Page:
The cleaning chapter from the Iowa Settlers Manual of 1881 explains how to make a basic liquid laundry detergent using available materials.
Washing clothes in the days of the pioneers and settlers was an elaborate ritual. Multiple tubs of water, scrubbing boards, handmade soaps, blue dyes for the white clothes, salt for the colored - and all done on a Monday. Monday was always washing day.
Before the pioneers and settlers could wash their clothes they needed laundry washing soap. What was important was that it had to be a liquid soap that would easily mix in with the clothes. Hard soaps were readily available and reasonably complex to make, so it was always easier to buy hard soap. But liquid soap wasn't so easily transported. It had to be made at home.
This is a recipe from the Iowa Settlers Manual of 1881 that we can still use today.
It involves three separate steps...
"Take five pounds of sal soda, one pound borax, one pound of fresh unslacked lime; dissolve the soda and borax in one gallon of boiling water, and slack the lime in the same quantity of boiling water. Then pour them both into eight gallons of water; stir a few times and let it stand 'till morning, when the clear fluid should be drawn off and kept ready for use."
The Soft Soap:
"One quart of this compound, with three pounds of good bar soap, cut fine, and two pounds of sal soda boiled in three gallons of water for ten minutes, will give four gallons of splendid soft soap."
The Washing Detergent:
"Add half a pint of compound, half a pint of soft soap to four gallons of hot water."
Sal soda is used to soften the water, as the settlers often would be using well water. Sal soda is also known as washing soda, soda crystals or sodium carbonate. It can be bought from a swimming pool supply store.
Borax is still common and is also known as sodium borate. You can get it from the pool supply shop too.
Unslacked lime is also known as quicklime, burned lime and calcium oxide. You can get it from a large garden center, where it is sold as a fertilizer for lawns and gardens.
All three of these powders are reasonably safe to work with, but do avoid breathing them and getting them on your skin or in your eyes.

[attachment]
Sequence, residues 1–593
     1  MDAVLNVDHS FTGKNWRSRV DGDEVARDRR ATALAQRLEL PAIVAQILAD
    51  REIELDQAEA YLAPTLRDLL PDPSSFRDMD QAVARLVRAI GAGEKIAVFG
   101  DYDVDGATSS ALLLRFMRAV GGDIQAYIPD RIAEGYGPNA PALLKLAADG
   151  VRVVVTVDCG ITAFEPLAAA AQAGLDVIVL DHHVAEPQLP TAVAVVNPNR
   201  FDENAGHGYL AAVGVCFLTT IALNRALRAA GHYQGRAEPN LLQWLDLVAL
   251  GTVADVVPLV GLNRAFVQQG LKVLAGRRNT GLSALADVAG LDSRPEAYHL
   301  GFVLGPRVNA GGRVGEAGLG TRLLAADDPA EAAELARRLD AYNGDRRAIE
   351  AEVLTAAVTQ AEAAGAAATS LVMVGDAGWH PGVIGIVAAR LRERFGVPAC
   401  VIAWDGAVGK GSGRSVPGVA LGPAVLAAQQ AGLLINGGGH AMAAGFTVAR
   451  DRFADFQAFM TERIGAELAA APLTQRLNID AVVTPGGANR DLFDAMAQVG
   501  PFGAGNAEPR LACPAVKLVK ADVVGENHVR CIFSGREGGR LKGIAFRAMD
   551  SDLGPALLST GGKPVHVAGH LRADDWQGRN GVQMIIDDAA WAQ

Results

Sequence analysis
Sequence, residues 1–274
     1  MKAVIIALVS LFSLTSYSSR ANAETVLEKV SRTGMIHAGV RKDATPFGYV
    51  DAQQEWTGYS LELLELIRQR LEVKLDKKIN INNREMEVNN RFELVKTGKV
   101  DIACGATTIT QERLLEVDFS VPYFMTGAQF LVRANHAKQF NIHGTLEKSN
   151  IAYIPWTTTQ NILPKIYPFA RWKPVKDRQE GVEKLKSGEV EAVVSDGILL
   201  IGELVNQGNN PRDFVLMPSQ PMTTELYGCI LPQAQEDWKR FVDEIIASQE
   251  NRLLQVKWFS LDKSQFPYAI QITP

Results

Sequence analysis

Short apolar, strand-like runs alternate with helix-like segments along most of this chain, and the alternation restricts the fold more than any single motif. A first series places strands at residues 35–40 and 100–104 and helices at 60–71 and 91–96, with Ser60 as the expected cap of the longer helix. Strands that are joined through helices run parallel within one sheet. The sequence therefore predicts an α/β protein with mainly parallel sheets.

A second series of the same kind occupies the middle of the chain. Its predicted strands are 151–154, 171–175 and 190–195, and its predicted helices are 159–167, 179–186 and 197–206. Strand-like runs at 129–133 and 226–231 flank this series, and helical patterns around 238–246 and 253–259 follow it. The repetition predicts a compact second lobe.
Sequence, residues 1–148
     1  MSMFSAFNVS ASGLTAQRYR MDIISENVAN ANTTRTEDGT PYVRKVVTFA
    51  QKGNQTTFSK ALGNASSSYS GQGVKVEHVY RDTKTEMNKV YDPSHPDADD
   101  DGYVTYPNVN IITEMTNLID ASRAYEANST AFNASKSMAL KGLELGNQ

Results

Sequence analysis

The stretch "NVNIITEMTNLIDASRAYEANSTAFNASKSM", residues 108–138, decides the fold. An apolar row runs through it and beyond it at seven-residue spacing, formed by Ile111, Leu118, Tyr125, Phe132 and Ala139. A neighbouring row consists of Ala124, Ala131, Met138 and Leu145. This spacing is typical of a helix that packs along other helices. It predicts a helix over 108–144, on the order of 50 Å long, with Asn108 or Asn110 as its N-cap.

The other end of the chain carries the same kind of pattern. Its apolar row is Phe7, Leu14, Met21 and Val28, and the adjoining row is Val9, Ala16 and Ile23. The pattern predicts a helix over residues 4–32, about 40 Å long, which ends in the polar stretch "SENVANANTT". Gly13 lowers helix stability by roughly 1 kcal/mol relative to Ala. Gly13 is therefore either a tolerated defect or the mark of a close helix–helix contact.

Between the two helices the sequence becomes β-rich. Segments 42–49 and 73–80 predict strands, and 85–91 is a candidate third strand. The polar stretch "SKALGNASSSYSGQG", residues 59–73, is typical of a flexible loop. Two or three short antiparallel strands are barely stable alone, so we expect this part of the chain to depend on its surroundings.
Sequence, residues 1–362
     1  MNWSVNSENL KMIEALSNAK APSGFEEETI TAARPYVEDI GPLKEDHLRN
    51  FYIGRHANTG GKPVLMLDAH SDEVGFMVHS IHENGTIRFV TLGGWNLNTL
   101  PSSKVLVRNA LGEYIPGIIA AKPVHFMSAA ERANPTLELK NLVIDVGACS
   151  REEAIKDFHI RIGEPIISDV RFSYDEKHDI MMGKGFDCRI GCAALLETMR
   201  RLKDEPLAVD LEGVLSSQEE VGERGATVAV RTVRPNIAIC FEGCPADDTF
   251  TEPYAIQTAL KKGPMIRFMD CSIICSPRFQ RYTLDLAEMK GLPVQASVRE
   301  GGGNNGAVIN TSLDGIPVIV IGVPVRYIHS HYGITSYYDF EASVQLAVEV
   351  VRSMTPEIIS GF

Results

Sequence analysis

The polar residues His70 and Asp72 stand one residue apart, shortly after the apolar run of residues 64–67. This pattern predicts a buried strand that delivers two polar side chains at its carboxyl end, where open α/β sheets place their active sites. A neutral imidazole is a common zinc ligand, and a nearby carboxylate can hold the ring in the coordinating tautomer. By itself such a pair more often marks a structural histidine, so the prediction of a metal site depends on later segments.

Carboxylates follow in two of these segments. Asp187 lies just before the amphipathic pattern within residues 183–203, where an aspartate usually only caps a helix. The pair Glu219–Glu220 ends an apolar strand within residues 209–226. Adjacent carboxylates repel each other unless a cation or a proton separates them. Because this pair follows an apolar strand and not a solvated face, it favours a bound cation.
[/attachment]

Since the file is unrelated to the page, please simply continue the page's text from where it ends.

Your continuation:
You can use any bar soap you choose, but it's best to get the simplest and cheapest you can and use a fine cheese grater on it.
The settlers also used bluing to brighten their whites in a final rinse. If you want to get the real deal, you can get Prussian blue from an art supply store. It can come in a few forms - you want the stuff that looks like a block of blue chalk.
To use it you should tie the block up in a muslin bag, to protect the clothes from direct contact with the blue dye. It will stain them. Then place the block in the rinse water while you rinse the clothes.
Or you can buy a bottle of Mrs. Stewart's Bluing. This brand has been around for more than 100 years and is as close to an original pioneer product as you can get.
To brighten your colored clothes, use everyday salt. Just a couple of pinches to the first wash. It needs to be dissolved, so it's easier to add it to a glass of warm water, dissolve it and then pour that into the wash.
You don't have to dig out several large tubs and fill them with boiling water to use these three clothes washing materials. They will work in a modern washing machine as well.
Craig Meade is an executive producer of international television documentaries and a collector of 19th Century how-to and DIY books. Through the Pioneer Handbooks blog he publishes long lost do-it-yourself instructions from these historic books.
You can download your own free how-to and DIY instructions from the 19th Century at the Pioneer Handbooks store.
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